Toronto e-scooter Pilot Program Facing Roadblocks

Budget constraints and continued opposition stand in the way of an e-scooter program possibly being launched any time soon. Mark McAllister looks at the roadblocks and the city’s efforts to create an overall micromobility strategy. By Mark McAllister and John Marchesan
Posted March 27, 2024

Toronto will soon see more e-scooters taking over the streets now that spring has arrived even though they’re still banned.

An e-scooter pilot program was first discussed at City Hall last summer in an effort to tackle what some consider to be a nuisance while also dealing with the reality that they, and other ‘micromobility’ vehicles, are here to stay.

“We need better ways for people to get around the city. We are adding hundreds of thousands of more people. We don’t have any more space on the roads,” said Coun. Diane Saxe.

While there is support to allow and control e-scooters in Toronto, the city is still a step removed from making it happen as they wait on a plan following requests to deliver some possibilities last July.

“We think it’s premature to consider bringing an e-scooter pilot, especially looking at other jurisdictions that have them,” said Alison Stewart, the director of advocacy and public policy with Cycle Toronto.

On May 1, 2021, Toronto City Council voted unanimously to opt out of the province’s e-scooter pilot over concerns about safety. Currently, e-scooters, considered standing electric kick-scooters, are not allowed to be operated, left, stored or parked on any public street in Toronto. This includes bicycle lanes, cycle tracks, trails, paths, sidewalks or parks under multiple Municipal Code Chapters.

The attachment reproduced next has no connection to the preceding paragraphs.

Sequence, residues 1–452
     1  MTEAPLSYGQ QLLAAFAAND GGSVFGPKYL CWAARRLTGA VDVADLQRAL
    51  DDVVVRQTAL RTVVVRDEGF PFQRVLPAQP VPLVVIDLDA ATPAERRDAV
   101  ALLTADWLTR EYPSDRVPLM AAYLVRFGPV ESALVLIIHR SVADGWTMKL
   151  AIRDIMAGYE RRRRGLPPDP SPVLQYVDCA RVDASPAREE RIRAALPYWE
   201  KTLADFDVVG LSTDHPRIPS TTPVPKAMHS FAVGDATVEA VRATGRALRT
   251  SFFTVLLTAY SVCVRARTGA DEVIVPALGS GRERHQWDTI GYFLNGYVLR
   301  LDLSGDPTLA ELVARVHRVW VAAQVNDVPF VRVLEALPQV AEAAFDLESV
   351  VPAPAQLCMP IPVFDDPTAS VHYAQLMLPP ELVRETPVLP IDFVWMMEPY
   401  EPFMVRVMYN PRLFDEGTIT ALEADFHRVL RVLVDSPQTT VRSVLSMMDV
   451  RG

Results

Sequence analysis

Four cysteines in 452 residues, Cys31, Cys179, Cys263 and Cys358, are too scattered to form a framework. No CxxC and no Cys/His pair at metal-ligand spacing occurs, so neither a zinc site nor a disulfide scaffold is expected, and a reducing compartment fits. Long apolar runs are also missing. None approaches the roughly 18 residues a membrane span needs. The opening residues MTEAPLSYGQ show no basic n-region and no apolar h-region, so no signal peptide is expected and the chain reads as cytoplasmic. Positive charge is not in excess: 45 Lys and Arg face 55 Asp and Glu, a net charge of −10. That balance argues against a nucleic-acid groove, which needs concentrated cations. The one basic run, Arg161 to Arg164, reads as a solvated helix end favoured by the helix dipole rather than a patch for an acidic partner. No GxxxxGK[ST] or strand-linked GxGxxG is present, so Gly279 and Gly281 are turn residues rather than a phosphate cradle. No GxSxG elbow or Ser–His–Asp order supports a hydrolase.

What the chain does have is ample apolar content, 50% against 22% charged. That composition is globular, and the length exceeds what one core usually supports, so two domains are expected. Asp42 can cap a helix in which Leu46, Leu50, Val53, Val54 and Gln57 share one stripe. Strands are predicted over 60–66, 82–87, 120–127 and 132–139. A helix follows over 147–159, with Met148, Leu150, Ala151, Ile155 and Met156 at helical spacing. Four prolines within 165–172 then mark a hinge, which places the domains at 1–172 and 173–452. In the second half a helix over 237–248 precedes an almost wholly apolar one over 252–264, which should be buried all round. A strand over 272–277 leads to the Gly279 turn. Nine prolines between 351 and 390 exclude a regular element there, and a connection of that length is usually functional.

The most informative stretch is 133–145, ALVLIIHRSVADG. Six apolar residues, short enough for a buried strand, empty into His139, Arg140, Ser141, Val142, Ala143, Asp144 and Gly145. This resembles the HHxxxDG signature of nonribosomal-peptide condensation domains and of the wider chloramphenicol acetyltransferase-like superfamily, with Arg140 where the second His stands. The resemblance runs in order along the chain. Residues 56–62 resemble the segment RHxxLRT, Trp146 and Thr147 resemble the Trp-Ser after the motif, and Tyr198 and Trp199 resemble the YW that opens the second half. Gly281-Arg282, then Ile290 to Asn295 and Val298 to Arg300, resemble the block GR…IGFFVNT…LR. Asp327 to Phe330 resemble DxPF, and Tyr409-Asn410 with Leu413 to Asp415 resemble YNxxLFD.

“Until the Disability Advisory Committee is comfortable with any type of additional pilot that would see new forms of mobility sanctioned and piloted by the city, we’d really like to remain focused on Bike Share Toronto on that expansion,” added Stewart.

Toronto’s Bike Share program – operated by the Toronto Parking Authority – has expanded to over 9,000 bikes at 700 stations throughout the city. The likelihood of that government agency speeding up an e-scooter pilot is slim.

“Toronto Parking Authority is having to cut back on the capitol works that we’ve already asked it to do because there isn’t enough money and that is a big problem so they’re not anxious to take on another program right now,” said Coun. Saxe.

The city’s efforts to create a larger ‘micromobility’ strategy involving different modes of transportation have included consulting with different organizations on how best to implement safety measures, education and enforcement. But any plans won’t come until a report is released in May.

Last year Brampton launched its e-scooter pilot making 750 scooters available for public use on the roads and bike lanes with speed limitations. It said last December that the program “exceeded expectations” when it came to ridership with 110,000 users taking approximately 200,000 rides and that the “significant positive community feedback” will see the program return in April for another year.

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